These features are considered important because of their ability to act as conduits to the upper crust for metal-bearing hydrothermal brines and magma originating deeper in the crust and in the mantle. At the same time there is general acceptance amongst mineral explorers that future exploration will be directed at targets at increasingly greater distances below the surface. These two factors require the best possible ‘pictures’ of the geology at depth, which only geophysical methods can provide. Research in the characterisation of mineralised terrains is currently concentrated in Western Australia where we are working with the Geological Survey of Western Australia (GSWA) on a major project funded by the Western Australian Government’s Exploration Incentives Scheme (EIS).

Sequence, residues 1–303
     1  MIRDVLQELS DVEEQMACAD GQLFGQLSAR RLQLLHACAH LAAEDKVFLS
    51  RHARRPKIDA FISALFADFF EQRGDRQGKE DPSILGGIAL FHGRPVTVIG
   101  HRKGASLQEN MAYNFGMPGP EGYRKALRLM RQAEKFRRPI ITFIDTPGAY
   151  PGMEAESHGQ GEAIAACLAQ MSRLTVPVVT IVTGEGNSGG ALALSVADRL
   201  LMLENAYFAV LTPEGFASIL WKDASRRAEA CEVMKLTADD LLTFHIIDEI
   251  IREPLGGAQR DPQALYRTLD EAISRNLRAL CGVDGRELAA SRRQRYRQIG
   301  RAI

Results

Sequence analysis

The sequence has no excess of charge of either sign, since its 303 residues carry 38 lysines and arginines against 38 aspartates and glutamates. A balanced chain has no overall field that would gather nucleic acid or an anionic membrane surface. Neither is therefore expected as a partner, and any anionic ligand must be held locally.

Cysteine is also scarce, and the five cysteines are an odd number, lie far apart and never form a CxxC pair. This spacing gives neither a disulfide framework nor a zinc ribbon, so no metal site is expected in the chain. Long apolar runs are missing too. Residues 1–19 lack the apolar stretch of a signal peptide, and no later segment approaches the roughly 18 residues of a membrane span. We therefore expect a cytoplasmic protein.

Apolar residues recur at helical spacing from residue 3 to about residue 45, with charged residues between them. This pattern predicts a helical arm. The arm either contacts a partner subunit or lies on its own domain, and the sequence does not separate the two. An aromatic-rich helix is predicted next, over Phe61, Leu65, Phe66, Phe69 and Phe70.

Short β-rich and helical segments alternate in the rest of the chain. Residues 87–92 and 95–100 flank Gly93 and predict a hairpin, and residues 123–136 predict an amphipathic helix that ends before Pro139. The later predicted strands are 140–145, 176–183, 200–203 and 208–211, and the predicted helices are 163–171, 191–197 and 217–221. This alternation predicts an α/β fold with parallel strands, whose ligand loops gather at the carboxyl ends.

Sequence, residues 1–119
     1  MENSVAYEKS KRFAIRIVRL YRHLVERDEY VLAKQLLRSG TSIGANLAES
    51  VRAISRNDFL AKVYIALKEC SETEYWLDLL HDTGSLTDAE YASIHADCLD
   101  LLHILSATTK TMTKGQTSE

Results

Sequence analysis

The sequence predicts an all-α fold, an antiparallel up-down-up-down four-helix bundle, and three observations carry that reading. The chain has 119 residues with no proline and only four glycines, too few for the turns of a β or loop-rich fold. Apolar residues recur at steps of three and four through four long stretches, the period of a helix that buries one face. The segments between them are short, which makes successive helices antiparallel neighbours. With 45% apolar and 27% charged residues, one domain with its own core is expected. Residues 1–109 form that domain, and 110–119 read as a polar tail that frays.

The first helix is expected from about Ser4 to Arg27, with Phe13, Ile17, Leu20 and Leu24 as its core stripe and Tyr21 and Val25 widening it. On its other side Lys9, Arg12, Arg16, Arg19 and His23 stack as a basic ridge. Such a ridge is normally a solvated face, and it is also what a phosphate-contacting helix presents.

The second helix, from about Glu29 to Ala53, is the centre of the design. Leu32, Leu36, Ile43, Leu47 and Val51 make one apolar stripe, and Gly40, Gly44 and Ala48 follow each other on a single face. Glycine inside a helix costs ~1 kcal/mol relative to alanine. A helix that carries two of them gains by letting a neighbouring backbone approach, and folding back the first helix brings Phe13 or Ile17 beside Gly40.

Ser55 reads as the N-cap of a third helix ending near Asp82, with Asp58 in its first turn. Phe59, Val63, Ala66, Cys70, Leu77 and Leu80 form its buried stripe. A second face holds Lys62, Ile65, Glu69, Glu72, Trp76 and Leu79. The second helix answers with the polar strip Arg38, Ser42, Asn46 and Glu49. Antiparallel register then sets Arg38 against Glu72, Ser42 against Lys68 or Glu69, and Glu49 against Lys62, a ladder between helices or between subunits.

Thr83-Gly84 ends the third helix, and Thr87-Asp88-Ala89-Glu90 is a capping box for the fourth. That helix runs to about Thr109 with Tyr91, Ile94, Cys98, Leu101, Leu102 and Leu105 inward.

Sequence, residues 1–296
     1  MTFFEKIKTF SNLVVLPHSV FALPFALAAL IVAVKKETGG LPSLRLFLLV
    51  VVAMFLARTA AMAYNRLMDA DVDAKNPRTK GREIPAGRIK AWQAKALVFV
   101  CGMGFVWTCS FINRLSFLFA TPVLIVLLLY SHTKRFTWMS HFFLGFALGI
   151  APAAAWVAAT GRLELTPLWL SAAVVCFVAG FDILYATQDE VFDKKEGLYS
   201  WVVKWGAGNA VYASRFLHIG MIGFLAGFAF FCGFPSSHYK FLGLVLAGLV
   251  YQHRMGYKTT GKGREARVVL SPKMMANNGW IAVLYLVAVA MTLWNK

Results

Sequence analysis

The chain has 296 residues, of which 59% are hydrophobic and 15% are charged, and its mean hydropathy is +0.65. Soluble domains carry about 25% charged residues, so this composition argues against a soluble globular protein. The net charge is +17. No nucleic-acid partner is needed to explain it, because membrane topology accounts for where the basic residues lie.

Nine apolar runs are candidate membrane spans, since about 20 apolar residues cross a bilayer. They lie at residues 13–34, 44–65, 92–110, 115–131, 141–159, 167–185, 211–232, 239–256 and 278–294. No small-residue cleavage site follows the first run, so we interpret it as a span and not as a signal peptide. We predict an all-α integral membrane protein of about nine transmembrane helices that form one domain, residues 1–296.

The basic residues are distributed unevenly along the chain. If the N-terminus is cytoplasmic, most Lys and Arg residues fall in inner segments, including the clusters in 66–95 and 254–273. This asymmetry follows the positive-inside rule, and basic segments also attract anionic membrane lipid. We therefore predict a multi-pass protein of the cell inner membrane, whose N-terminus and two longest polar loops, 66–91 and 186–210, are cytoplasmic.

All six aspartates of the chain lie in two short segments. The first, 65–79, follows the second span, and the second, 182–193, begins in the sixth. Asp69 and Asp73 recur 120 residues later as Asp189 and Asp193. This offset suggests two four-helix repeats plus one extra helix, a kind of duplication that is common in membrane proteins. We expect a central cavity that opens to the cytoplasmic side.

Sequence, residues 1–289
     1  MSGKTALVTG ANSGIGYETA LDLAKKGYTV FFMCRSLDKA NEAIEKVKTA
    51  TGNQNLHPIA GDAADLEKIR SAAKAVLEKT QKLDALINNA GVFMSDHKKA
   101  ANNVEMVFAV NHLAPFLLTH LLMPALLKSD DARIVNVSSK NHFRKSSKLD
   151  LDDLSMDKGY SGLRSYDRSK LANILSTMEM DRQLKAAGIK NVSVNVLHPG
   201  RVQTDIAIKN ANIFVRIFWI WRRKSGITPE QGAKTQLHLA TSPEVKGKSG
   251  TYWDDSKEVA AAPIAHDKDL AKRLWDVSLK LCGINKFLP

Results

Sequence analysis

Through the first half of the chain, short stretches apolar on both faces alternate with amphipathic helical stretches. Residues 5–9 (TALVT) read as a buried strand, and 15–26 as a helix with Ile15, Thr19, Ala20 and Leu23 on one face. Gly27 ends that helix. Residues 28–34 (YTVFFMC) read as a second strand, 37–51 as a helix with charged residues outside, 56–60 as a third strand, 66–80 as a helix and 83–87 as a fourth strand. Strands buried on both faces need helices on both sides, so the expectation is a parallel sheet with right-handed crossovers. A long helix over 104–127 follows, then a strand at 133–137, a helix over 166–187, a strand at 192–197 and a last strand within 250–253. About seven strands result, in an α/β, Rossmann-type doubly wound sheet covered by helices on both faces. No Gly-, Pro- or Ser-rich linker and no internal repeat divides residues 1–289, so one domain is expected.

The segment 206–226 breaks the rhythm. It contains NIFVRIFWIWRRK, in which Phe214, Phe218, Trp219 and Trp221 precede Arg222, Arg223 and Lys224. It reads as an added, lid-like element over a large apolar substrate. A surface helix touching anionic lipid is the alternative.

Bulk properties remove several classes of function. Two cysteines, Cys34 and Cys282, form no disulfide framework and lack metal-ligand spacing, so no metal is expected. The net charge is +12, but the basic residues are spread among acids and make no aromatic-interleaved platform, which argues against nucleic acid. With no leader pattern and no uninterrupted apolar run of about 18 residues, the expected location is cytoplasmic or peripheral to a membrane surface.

This work involves studies of selected terrains in Western Australia which are considered to be poorly understood and, as a consequence, under explored. The terrains that will be studied during this project are the Arunta Orogen, Musgrave Province, Capricorn Orogen and Kimberley Province. Each area is considered on a case-by-case basis but common components of the analysis include: